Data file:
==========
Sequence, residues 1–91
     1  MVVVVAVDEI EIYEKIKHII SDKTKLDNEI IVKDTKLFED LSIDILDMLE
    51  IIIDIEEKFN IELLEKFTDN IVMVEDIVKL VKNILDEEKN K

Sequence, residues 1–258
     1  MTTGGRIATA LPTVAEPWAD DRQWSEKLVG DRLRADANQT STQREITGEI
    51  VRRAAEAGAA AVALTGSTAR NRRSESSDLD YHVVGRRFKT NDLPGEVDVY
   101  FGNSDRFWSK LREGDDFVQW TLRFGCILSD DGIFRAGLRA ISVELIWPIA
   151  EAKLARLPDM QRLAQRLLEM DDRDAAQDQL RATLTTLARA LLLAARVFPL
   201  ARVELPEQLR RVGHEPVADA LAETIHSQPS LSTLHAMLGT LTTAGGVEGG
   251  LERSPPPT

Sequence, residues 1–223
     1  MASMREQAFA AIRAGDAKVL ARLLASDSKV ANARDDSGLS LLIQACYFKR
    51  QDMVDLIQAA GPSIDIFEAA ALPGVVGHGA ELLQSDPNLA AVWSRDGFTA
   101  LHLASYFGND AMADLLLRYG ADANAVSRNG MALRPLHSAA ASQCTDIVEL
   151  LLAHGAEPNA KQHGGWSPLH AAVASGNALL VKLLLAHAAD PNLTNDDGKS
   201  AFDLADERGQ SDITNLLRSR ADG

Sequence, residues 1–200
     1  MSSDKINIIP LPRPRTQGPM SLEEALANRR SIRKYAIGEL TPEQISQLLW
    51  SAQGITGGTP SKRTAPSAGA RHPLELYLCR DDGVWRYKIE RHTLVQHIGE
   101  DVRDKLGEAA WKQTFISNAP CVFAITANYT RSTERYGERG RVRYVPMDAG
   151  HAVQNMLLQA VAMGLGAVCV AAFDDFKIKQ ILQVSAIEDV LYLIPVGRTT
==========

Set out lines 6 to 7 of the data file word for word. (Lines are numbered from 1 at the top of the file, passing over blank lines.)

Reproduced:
    51  VRRAAEAGAA AVALTGSTAR NRRSESSDLD YHVVGRRFKT NDLPGEVDVY
   101  FGNSDRFWSK LREGDDFVQW TLRFGCILSD DGIFRAGLRA ISVELIWPIA